I was listening to American Routes on NPR last night while washing the dishes. Over the years, host Nick Spitzer has opened my ears to all kinds of American roots artists I’d previously found boring. Not everything he plays works for me (I still can’t stand most of that accordion-driven music from Louisiana), but as great DJs can do, there’s something about the way he sets up and frames the music he plays each week that often works wonders.

While I was scrubbing a roasting pan last night, Spitzer introduced Robert Johnson‘s original recording of “Crossroads.” Because there’s so little blues music I’ve liked over the years and because I’ve never previously found anything that interesting about Johnson, the most legendary bluesman ever and probably an inspiration for not only the movie Crossroads but my favorite blues-based movie, Black Snake Moan, I put down the scrubber and let the pan soak a few minutes longer, so I could pay full attention to what Spitzer announced was probably Johnson’s most influential recording.

Continue reading »

Oct 032011

Check out this video from Big Mama Thornton:

Now you show me a song/performance that oozes sex more than this one.

I don’t know much about Big Mama. I didn’t realize she was still performing in 1971. She would have been 45 years old then and looks a decade or two older. Looking at other videos—and you’d be wise to check more out, especially this one:

Continue reading »

Sep 272011

Somewhere on YouTube there’s a person who wrote the following comment following the posting of one of many Blood, Sweat & Tears‘ versions of my least favorite song in the world, Laura Nyro‘s composition “And When I Die”:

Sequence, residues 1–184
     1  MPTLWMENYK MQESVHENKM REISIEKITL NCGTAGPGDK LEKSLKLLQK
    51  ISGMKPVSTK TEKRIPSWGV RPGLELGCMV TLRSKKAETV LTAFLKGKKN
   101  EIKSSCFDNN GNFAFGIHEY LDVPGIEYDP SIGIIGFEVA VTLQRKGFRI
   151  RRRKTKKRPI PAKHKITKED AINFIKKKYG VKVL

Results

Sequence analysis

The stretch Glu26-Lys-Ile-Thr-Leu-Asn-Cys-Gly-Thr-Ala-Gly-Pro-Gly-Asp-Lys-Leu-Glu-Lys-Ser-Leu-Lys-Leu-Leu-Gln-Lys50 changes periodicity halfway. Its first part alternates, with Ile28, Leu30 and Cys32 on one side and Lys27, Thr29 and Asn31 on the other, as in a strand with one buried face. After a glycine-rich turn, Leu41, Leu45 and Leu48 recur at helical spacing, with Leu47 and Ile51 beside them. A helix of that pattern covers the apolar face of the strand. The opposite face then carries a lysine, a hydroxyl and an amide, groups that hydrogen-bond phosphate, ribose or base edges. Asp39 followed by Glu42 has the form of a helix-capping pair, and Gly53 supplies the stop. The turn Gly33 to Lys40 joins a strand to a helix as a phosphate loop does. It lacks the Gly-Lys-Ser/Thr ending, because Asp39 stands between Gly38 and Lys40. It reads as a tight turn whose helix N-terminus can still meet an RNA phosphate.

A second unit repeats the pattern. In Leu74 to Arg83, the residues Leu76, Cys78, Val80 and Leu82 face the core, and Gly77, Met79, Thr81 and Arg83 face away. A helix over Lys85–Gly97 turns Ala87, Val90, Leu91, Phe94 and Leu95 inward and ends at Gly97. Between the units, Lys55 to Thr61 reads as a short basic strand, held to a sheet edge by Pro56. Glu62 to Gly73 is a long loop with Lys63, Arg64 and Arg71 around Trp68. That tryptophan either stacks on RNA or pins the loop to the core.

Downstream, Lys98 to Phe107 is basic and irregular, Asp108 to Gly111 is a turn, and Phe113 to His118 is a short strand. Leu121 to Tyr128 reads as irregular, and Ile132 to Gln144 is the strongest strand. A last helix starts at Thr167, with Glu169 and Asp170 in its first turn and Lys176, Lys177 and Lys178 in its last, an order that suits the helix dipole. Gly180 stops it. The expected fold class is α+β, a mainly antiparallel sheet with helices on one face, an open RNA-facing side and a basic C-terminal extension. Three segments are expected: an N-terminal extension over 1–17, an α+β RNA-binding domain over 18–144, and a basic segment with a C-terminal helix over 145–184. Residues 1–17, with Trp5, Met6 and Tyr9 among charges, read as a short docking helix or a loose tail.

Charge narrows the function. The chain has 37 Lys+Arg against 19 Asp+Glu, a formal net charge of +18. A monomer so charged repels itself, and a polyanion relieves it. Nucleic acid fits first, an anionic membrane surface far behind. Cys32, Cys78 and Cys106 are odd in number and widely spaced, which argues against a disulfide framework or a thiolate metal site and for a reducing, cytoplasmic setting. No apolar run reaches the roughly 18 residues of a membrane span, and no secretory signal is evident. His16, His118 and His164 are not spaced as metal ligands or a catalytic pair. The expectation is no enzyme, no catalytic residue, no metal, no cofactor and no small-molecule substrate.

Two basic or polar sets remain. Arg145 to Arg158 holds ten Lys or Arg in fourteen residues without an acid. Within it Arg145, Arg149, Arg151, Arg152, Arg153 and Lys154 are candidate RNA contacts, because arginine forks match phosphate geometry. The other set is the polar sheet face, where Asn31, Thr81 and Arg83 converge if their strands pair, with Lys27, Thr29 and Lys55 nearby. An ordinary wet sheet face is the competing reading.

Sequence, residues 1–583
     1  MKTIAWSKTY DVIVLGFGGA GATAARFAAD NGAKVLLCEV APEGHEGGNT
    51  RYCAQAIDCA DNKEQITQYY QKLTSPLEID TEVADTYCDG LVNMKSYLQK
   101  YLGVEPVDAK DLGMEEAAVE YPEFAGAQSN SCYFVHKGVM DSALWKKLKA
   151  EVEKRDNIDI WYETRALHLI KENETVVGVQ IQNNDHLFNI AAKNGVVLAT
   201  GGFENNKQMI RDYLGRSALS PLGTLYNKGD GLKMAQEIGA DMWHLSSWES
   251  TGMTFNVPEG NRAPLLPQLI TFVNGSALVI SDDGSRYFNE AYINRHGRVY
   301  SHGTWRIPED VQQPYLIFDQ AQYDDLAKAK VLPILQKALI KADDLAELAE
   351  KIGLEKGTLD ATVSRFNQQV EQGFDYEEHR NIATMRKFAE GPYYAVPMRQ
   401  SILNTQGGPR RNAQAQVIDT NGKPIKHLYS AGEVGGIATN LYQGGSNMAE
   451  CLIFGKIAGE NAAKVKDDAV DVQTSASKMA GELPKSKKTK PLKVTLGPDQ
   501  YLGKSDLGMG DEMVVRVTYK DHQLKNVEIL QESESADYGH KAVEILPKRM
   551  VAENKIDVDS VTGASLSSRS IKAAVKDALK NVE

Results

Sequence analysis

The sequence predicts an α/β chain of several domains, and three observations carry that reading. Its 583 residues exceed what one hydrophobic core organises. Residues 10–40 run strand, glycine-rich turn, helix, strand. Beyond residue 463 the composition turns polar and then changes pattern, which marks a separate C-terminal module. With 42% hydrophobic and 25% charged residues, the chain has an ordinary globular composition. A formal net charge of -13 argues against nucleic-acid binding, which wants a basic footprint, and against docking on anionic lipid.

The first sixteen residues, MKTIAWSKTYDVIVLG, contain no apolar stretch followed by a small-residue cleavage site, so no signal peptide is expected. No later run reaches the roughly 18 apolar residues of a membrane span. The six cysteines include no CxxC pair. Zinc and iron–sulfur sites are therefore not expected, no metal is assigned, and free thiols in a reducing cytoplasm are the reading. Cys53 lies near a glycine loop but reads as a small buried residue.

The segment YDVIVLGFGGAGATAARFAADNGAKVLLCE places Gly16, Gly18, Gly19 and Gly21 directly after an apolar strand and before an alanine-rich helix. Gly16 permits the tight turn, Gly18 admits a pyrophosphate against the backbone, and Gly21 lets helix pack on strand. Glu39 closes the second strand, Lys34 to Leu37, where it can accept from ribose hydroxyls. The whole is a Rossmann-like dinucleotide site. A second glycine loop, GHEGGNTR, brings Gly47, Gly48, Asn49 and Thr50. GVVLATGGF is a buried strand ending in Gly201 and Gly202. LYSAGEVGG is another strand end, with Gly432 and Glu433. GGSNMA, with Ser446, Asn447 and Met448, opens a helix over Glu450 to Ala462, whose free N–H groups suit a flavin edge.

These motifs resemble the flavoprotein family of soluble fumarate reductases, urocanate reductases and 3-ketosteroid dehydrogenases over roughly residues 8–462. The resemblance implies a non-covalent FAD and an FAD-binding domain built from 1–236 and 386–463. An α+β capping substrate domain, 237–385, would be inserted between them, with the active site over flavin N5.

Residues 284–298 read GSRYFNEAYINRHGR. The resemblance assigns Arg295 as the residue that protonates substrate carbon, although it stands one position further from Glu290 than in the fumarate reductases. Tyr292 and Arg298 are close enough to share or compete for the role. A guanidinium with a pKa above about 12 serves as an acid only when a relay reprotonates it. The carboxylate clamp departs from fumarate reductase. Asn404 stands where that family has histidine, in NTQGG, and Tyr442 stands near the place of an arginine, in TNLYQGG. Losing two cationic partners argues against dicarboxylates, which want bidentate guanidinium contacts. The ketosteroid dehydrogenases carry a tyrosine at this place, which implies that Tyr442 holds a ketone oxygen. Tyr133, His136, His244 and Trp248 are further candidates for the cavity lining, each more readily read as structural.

This is the song I told my family to play at my funeral—except my ‘One Child Born” is now “Four”

That’s kind of sweet that this person is thinking ahead. I have been too. Hear me out, Townspeople, and see that my family gets the word: This is the song I do NOT want played at my funeral!

Not this version:

Yeah, I’ll get in on the action, all right. It’s a shame the tuba player’s big moment had to appear between the hairy cheeks of David Clayton-Thomas.

Not this version:

Apr 112011

Each Sunday while preparing dinner I greatly enjoy listening to Nick Spitzer‘s American Routes show on NPR. He plays American roots music, much of which I would not listen to without Spitzer as my guide. I don’t know what it is about the guy, but he’s one of those DJs who just sounds so nice, knowledgeable, and inviting that I even find myself enjoying the occasional zydeco song. As if to prove how much of a non-American roots enthusiast I am, rarely does a week go by that he doesn’t throw in one Rolling Stones cover of a blues or Chuck Berry chestnut so I can think to myself, Man, young Mick Jagger was the best blues singer ever!

With Spitzer’s focus being on American roots music and the term “American roots music” usually excluding the “roots” music from my northeast city boy perspective, I’m bound to be faced with a challenging episode now and then. Yesterday’s episode, Living With the Blues, was probably the most challenging one to date. Here’s the description: Continue reading »